# On Religious Tolerance in Hobbes’ Leviathan

A major apparent conflict in Hobbes’s Leviathan is his treatment of religion and authorship. On the one hand, the sovereign’s actions are authored in their entirety by the people, including decisions such as the enforcement of a state religion, which Hobbes states that the sovereign has the right to do. On the other hand, Hobbes also reaffirms that the individuals in the commonwealth have the right to hold any religious beliefs that they so wish, including ones that come blatantly in contradiction with the religion enforced by the sovereign, so long as the citizenry outwardly follows the sovereign’s laws, even if they inwardly believe otherwise. On the surface, this presents a fundamental conflict with authorship – how can citizens, who do not believe the state religion, possibly be authoring the sovereign’s actions when he enforces said religion. Hobbes however brilliantly subverts this expectation, with the way that it institutes this civil religion, subjegating it entirely to the whims of the sovereign who utilizes it for the betterment of the populence. It is not truly a religion, nor is it expected that the people believe in it truly – Hobbes makes a strong distinction between personal belief and expression or action – rather is it another tool at the sovereign’s disposal that is intended to be used for the protection of the people of the commonwealth and the preservation of civil peace. Thus, there is actually inherently no conflict, because this faux religion is being used solely to promote peace amongst the people and is irrelevant to personal beliefs.

The imposition of uniform religious practices is a pragmatic, temporal, political one that should not be confused with a religiously motivated, spiritual imposition of such practices. There are religions that are dangerous to the peace and order of society because they either encourage rebellion against the sovereign or because they cause conflict within the society. It is the sovereign’s duty to harshly repress the expression of these religions, because they are fundamentally problematic in a stable Hobbesian society. However, people’s internal beliefs will never pose a threat to society, as long as they stay internal beliefs and are not expressed via actions. Furthermore, uniform religious practices prevent religious-based conflict within society; one cannot, for example, persecute the Jews, if everyone outwardly appears to be of the same religion, removing a great source of conflict within the commonwealth. This is fundamentally different than a uniformity of religious practice put into place for faith-driven purposes – there is no imposition of standards of beliefs, morals, or ideals upon others, no looking out for the souls of the citizens, and no extra temporality – the Hobbesian sovereign is only interested in temporal ends and is justified in imposing religious practice uniformity upon the commonwealth as a means to achieving those ends. Thus Hobbes needs a religion that he can subvert to his own ends, one that he can make dominated by the will of the sovereign – after all, it is effectively a civil superstition that the sovereign uses to control the actions of the masses – and yet Hobbes also needs something that will be generally acceptable to his readership. And so, he turns to the subversion of Christianity, distorting it into something that that great Leviathan can utilize for the good of the people.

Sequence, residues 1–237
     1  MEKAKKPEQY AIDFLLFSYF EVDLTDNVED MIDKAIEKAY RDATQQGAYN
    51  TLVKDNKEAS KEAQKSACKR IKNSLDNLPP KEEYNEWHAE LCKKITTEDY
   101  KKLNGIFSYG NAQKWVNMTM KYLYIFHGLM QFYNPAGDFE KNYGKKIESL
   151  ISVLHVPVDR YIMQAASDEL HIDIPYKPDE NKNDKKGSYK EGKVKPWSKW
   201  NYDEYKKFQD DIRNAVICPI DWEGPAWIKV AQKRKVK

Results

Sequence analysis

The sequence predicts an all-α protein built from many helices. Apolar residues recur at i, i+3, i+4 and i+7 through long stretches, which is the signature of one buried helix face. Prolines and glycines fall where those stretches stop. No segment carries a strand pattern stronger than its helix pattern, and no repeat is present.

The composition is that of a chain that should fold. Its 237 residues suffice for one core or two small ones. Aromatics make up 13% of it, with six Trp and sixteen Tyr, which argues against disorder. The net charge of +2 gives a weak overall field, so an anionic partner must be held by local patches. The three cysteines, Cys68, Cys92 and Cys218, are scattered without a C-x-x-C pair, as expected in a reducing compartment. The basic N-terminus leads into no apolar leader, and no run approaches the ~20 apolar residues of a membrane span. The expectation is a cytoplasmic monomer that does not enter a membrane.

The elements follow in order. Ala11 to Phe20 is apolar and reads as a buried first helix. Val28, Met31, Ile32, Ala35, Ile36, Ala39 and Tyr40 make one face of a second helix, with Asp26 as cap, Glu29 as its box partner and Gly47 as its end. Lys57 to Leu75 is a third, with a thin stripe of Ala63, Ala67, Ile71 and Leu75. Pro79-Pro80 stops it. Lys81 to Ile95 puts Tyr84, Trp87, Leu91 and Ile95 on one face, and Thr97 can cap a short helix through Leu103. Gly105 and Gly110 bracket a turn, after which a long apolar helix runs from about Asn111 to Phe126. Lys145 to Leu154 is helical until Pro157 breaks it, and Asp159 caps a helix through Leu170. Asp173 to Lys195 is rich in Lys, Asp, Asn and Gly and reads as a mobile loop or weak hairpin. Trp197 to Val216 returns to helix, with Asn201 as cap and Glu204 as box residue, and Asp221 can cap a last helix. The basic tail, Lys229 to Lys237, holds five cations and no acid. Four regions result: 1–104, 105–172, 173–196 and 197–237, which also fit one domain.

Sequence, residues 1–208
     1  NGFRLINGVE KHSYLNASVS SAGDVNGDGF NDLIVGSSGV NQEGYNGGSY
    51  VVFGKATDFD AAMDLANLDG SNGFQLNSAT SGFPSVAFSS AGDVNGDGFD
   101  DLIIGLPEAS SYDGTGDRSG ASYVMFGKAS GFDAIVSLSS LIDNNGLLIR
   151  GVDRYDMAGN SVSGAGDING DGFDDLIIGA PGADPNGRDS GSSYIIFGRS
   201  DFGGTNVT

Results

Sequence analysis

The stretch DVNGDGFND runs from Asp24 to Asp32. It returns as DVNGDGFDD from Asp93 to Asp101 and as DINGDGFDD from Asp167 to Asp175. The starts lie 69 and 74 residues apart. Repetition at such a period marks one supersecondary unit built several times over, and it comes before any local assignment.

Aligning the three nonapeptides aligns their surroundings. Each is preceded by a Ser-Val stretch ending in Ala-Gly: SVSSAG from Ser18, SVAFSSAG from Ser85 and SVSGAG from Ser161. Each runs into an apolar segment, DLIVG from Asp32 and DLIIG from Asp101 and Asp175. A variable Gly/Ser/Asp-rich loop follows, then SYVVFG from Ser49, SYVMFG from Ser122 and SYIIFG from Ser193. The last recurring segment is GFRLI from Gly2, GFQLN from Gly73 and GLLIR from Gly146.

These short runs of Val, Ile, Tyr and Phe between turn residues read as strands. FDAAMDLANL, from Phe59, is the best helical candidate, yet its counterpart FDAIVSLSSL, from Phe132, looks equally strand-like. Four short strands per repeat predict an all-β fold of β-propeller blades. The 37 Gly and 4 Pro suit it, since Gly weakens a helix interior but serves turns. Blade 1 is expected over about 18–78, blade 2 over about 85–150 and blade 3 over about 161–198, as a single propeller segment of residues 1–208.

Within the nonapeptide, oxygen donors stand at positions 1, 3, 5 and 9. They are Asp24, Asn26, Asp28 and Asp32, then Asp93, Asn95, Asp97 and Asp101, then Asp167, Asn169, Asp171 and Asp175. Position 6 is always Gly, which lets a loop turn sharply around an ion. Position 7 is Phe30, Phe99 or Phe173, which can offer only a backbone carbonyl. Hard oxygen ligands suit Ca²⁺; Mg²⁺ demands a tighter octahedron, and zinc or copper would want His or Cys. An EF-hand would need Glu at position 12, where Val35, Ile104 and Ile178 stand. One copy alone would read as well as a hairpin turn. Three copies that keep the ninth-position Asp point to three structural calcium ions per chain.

Hobbes argues that the sovereign has the duty to make only good laws, where the goodness of a law is measured by its necessity for the good of the people. Repression of thought and expression beyond what is necessary for political purposes is not only an abrogation of the sovereign’s duty, it is counter-productive, provoking bitterness and resentment, and undermining the loyalty of his subjects. Thus Hobbes cannot consistently argue that the sovereign’s religion be forced upon the people in faith, only in action, and it can only be forced upon them in action if it is for the betterment of the civil good of the people, not the spiritual good of the people, for the authority and responsibility of the sovereign is restricted to the temporal sphere only, and not the domain of the soul or that of God.

Hobbes spends a lot of Leviathan focused on the differences between religions. He begins by contrasting religion with superstition, then observes that they are indistinguishable in contrast with knowledge of God. Initially he presents Judaism and Christianity as above the pagan religions, being divinely guided and concerned with spiritual things, but later, when he deemphasizes its divine institution and spiritual concerns and instead raises the authority of men and the concerns of civil society, he blurs the distinction between these two kinds of religions. Hobbes asserts God’s sovereignty by nature and by compact, but then abrogates the force of this claim by questioning its efficacy. He affirms the authority of scripture as divine revelation and natural law as the standard of moral behavior, but then equates divine law with the interpretation of divine revelation as revealed to the people by the civil sovereign. Thus, by the end of the Leviathan, he has subtly transformed Christianity from a true religious institution into a civic religion; a means of keeping people under control. He has made it indistinguishable from superstition, removed it from the divine realm, and placed it’s authority entirely within the civil sovereign. In actuality, Hobbes is not arguing for a religion at all. Instead, he is carefully crafting a set of secular pseudo-religious cult practices that can be uniformly enforced upon the population, not as a legitimate religious belief, but rather as a means of enforcing civil order and preventing possibly problematic (from the point of view of civil peace) religions from being expressed, by enforcing a uniform expression of religious practices on the people.